Entry to this dive site is just to the north of the Hilton Beach and is made by walking across the reef top lagoon and then either dropping in over the top of the reef, or entering through one of the holes in the reef and swimming through. There are some lovely coral formations in and amongst the pinnacles. Look for blue spotted rays hiding under the coral whilst you are weaving through the pinnacles. It is also common to see shoals of blackfin barracuda and even the odd lone great barracuda. This is a very scenic site and ideal for a long second or third dive of the day - perfect for photographs. Diving this site can be confusing as there are so many different routes to take, however due to the relatively shallow depths if you become disoriented it is best simply to surface and locate the main exit point, then drop back down to safety stop level and continue the dive back to shore.
The coral is fantastic and you can dive through the formations which are fat pillars of hard corals. At the other side of the Islands was a huge shoal of barracuda in a tunnel shape, glistening in the sun, with a couple of trevallies swimming round them. We saw lion fish, anemone fish, Christmas tree worms, parrot fish, surgeon fish and box fish.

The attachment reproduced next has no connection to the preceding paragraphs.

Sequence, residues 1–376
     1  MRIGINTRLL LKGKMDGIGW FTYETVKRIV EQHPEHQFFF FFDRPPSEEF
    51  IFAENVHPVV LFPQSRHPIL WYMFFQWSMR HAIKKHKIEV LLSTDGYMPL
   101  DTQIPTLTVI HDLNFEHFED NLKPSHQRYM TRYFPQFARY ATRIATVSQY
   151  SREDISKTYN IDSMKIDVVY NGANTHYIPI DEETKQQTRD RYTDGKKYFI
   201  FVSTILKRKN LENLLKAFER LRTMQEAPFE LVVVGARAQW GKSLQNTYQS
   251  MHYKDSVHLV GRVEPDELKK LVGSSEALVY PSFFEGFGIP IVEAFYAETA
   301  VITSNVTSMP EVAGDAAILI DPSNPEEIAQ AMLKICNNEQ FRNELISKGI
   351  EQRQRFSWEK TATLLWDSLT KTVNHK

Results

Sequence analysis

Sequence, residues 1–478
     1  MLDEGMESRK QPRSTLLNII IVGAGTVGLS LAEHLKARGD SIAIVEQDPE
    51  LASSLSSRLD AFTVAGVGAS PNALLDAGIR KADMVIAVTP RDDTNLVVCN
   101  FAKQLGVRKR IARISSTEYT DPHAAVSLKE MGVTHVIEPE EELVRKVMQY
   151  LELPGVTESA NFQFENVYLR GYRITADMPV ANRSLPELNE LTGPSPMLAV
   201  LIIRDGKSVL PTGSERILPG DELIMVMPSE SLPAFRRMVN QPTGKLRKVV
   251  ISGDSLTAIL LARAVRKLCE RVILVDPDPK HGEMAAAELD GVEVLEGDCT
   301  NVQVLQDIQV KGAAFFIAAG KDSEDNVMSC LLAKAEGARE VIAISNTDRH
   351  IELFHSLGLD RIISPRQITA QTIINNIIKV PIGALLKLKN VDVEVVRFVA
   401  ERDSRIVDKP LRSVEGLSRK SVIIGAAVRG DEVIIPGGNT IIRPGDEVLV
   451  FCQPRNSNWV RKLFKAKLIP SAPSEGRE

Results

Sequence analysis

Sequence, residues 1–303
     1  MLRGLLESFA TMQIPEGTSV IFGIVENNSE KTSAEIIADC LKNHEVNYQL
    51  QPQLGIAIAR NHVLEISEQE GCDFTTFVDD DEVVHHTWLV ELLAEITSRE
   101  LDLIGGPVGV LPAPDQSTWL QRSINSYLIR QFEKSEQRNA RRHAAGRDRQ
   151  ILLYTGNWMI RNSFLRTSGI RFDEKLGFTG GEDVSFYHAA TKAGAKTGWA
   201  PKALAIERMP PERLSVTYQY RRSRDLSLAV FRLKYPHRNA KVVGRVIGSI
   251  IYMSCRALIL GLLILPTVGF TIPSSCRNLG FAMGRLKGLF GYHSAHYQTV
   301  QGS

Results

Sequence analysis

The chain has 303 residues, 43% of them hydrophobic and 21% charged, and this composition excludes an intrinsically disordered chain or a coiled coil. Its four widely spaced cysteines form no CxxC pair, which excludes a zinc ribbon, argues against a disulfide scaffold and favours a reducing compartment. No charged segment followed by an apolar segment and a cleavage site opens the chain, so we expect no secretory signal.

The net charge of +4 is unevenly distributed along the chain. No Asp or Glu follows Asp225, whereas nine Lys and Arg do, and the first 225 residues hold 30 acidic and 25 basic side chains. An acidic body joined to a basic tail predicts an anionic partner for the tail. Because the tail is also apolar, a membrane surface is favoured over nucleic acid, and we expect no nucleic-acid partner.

The Canyon is one of the most popular dive sites in Dahab and an essential dive for all fanatics of caves and cavern diving. The Canyon is up to 10 m deep and virtually closed over at the top. It snakes its way up from the depths, to emerge in a large glass fish-filled coral dome, the Fishbowl. After an easy shore entry, you cross a sandy lagoon that opens onto a gently sloping reef marked with coral heads. The amazing and eerie canyon soon comes into view. It has three main openings. At about 12 m is the fishbowl. Below that is another large bowl, opening at about 20 m. Deepest of all is a narrow exit at 52 m. In between these openings the walls have grown together to virtually close over the top of the canyon, forming a tunnel. From the top it has the appearance of the fluted mouth of a clam shell. Descend into the Canyon at 20 m and drop to the bottom which sits at around 30 m. Make sure you stick to a depth well within your ability. Take a minute at bottom and enjoy the magnificent view, the light coming through the crack that forms the entry of the Canyon while you sit in semi-darkness, it is an amazing sight. Finish the dive by swimming through a coral garden at about 8 m where there are very good chances of finding the resident octopus.